Chassis dynamometer software, inertia determination and recalibration. (2002)
Type of ContentTheses / Dissertations
Degree NameMaster of Engineering
PublisherUniversity of Canterbury. Mechanical Engineering
AuthorsBennetts, Christopher Deanshow all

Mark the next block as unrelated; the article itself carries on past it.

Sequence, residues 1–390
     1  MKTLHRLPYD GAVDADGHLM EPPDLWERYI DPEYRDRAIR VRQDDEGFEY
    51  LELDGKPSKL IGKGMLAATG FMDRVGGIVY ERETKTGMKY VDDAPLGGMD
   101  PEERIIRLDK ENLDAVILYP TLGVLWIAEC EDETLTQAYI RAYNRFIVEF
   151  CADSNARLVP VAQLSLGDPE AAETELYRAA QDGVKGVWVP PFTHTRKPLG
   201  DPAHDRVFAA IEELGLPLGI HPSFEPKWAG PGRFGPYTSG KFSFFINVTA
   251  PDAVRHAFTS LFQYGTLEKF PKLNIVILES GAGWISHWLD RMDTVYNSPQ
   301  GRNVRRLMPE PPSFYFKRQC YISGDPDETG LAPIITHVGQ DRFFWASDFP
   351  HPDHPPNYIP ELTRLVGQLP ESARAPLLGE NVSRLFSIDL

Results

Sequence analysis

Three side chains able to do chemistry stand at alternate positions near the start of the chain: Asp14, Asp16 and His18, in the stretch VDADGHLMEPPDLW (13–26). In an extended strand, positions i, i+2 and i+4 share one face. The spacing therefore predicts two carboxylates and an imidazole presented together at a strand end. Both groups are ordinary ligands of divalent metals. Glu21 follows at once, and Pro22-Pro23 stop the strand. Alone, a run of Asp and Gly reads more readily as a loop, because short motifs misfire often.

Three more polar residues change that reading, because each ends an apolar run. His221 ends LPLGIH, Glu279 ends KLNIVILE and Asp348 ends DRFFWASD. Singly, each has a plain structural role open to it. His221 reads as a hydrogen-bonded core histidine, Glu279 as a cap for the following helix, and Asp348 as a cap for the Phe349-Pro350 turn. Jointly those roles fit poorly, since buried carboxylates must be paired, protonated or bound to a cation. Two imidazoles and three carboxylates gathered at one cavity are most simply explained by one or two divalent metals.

The University of Canterbury chassis dynamometer exists to enable specific andrepeatable motor vehicle testing to be carried out in the University’s Department ofMechanical Engineering. Dynamometer testing is invaluable in the development ofnew vehicle technologies, such as electric and hybrid configurations, and theassessment of existing vehicles’ performance. This thesis includes a description ofthe dynamometer, and of the recalibration and software work that has been carriedout to enable computer-controlled vehicle testing of a flexible and reliable nature.In order to exert a known force at the wheels of a vehicle on the chassisdynamometer, the appropriate equations of motion must be applied to the knowninertial mass and frictional characteristics of the dynamometer system. Theseequations of motion are discussed in terms of the chassis dynamometer and theirapplication in the simulation of realistic on-road vehicle forces. Several techniqueshave been proposed to determine the system friction and inertia, and the mostappropriate method was chosen on the basis of repeatability and equipmentlimitations.Dynamometer control and data acquisition software has been written in the C++programming language, which includes automated routines for the calibration of thechassis dynamometer as well as several vehicle testing regimes. Analysis softwarehas been created to enable graphical display of test data and the calculation of usefulparameters such as energy consumption and efficiency.Several tests were conducted on a motor vehicle owned by the University ofCanterbury, with a view to determining the effectiveness of the testing procedures,and the accuracy of the dynamometer instrumentation. In light of these test resultsand observations made during the dynamometer development, a number of potentialimprovements to the system have been proposed.